The label will be similar to marking the other products, using a logo accompanied by the caption Made in Israel. The label shall be affixed to the package or placed on the fruit or vegetable with a sticker. The markup will enable consumers to easily identify local produce.
The label is voluntary, and every farmer in Israel growing produce is allowed to join the campaign. In packaged produce, the label will appear on the package. The produce involved includes cherry tomatoes, packaged cucumbers, small peppers, strawberries, grapes, passion fruit, mushrooms, potatoes, carrots and herbs.
However, you will still find it difficult to identify tomatoes and cucumbers sold in bulk and imported from Turkey, Jordan, the Palestinian Authority or Gaza—and have recently been the focus of disputes over the import of agricultural produce to Israel (peppers will probably be marked). Among other things, they raised questions about the spraying of the goods and importation from entities hostile to Israel.
In Israel, there are usually enough fruit and vegetables to meet the needs of the population, but at the same time, there are regular imports to enrich the variety. In addition, the Ministry of Finance is occasionally quick to approve imports without customs' duties in times of shortage and as a way of lowering prices. At the same time, imports do not always lower prices.
The Farmers' Union stated that they "will coordinate the requests from the farmers, examine and approve them on behalf of the Israel Farmers' Association in order to receive the label, and will submit its recommendation to the Manufacturers' Association of Israel, which will approve the request and send the logo to the farmers. The service is free of charge and voluntary, at the discretion of the farmer.
"The representatives of the ministries will conduct inspections in the businesses, the sorting, storage and packing centers, in order to check compliance with the conditions or in case of receiving a complaint about a business not operating according to the rules. If the farmer is also an importer, he would have to store his independent produce and treat it in a separate compound from the imported product, to be eligible to receive the label."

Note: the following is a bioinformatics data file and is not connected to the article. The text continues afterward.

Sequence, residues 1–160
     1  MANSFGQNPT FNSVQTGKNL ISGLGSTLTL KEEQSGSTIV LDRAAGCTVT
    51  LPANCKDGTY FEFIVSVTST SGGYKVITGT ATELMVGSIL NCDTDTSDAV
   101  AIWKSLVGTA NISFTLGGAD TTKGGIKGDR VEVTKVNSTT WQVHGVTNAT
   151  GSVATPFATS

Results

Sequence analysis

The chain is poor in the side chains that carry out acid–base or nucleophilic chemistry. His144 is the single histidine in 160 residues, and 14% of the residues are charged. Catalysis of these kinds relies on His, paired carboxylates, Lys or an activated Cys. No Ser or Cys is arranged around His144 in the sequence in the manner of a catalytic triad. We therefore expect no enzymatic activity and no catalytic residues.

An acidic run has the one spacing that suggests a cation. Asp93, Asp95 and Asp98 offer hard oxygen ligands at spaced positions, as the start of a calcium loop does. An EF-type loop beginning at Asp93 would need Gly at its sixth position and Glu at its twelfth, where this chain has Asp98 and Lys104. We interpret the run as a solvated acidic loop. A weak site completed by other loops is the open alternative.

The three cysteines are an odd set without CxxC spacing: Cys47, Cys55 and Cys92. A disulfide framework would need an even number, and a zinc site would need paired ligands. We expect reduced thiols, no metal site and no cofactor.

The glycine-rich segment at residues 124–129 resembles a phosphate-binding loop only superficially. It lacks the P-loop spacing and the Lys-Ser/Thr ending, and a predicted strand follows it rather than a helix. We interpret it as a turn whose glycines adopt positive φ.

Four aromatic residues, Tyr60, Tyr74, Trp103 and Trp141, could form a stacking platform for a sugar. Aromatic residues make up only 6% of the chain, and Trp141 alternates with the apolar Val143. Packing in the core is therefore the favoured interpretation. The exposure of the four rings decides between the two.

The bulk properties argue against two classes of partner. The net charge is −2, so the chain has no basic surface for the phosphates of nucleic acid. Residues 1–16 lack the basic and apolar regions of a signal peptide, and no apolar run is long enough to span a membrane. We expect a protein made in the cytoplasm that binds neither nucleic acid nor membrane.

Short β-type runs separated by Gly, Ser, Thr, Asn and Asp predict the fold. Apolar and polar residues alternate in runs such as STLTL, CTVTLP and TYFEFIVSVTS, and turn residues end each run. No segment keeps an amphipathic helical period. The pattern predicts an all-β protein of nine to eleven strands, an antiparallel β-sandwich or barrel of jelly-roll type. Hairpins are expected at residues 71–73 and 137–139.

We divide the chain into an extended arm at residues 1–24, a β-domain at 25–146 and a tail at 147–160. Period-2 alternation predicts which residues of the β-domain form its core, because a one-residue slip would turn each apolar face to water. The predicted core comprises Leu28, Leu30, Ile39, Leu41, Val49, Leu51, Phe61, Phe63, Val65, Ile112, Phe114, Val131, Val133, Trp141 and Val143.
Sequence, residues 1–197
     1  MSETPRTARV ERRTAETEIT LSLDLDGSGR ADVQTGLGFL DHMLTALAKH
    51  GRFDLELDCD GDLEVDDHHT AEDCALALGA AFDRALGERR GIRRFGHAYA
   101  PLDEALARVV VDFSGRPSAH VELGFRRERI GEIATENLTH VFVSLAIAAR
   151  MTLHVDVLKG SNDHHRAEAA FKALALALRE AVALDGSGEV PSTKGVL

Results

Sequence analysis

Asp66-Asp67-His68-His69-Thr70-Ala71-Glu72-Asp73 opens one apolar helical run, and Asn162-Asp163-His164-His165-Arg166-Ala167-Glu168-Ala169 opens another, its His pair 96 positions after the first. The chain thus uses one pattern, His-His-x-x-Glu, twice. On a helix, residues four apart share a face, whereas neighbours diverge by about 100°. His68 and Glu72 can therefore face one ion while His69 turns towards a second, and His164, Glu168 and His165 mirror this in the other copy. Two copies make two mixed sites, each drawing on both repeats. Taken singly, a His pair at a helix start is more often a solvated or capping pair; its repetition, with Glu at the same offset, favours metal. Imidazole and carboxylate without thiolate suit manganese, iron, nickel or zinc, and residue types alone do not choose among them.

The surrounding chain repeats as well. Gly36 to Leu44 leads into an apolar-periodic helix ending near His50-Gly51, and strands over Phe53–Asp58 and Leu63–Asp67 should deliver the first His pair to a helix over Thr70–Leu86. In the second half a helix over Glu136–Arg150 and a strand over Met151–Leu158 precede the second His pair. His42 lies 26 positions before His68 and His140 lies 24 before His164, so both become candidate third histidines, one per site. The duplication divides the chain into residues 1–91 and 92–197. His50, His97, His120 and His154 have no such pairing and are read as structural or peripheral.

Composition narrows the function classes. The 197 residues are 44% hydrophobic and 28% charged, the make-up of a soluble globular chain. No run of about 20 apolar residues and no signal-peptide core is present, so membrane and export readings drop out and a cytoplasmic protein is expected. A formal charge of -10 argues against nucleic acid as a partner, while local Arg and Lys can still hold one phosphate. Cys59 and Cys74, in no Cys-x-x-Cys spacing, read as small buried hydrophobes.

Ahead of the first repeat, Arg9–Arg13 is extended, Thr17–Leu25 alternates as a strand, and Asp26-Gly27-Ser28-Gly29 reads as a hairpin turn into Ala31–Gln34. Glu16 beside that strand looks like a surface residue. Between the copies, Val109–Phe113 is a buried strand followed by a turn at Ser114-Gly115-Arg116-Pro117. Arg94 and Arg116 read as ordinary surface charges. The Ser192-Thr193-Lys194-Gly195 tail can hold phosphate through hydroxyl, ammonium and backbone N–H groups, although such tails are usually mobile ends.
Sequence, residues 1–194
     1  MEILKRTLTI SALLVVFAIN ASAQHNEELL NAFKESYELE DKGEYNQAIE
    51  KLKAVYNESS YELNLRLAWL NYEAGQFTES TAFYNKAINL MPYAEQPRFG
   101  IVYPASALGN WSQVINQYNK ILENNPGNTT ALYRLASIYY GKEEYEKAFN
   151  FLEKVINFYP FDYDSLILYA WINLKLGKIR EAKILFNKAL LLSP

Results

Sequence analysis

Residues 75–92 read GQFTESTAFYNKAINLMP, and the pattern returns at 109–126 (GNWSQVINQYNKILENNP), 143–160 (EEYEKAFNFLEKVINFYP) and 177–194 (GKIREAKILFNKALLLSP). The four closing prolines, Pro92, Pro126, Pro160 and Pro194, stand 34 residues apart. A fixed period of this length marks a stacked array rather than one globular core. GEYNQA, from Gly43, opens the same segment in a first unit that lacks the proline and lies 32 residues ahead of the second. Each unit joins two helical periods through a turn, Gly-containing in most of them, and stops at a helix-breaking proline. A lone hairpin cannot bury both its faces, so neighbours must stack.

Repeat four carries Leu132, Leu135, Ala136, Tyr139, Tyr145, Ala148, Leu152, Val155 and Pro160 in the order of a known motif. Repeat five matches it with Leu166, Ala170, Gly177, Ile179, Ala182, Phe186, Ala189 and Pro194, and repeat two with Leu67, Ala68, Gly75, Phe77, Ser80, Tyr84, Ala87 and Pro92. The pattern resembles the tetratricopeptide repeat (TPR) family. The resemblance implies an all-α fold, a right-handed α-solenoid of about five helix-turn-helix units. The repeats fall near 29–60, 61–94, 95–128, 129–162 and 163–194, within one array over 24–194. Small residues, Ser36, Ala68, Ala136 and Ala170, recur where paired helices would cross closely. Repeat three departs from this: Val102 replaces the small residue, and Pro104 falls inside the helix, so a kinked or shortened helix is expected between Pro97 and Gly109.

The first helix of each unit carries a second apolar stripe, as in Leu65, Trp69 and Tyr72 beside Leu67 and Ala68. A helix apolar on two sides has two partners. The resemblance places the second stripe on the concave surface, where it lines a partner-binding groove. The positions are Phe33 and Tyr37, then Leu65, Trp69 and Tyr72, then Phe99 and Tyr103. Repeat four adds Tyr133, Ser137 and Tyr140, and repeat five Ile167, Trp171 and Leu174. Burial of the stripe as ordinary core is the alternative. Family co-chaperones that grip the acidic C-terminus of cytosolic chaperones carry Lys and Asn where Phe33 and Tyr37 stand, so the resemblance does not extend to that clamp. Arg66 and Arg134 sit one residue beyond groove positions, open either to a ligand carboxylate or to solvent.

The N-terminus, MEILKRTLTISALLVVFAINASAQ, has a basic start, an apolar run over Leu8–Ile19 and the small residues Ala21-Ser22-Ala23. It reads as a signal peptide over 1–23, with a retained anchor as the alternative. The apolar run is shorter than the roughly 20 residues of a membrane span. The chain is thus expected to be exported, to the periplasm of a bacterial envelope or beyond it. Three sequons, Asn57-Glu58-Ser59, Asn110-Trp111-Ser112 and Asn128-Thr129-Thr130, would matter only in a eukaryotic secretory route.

Agriculture Minister Uri Ariel said, "The new label will enable local Israeli farmers to enjoy local pride and strengthen their ties with the consumer, and I am sure that the public will prefer to buy local blue and white produce and support the Israeli farmers."
Minister of Economy Eli Cohen said: "The decision to start marking agricultural products in Israel with a Made in Israel label, in addition to the marking of industrial products, which has been underway for a number of years, enables us to significantly expand the basket of products marked as blue and white products. It also serves to encourage local production and the preference of Israeli products for the advancement of industry and agriculture and the strengthening of Israeli economy."
President of the Farmers' Union, Dubi Amitai, said: "This is a process borne of intensive work that will lead to the strengthening of local agriculture and will mark a significant achievement for the Israeli consumer that was exposed last year to inferior imported produce. Labeling the produce will allow transparency for the consumer and allow him to choose either imported or fresh and controlled local produce. Symbolically, there is no better time to strengthen local production on the eve of Israel's 69th Independence Day."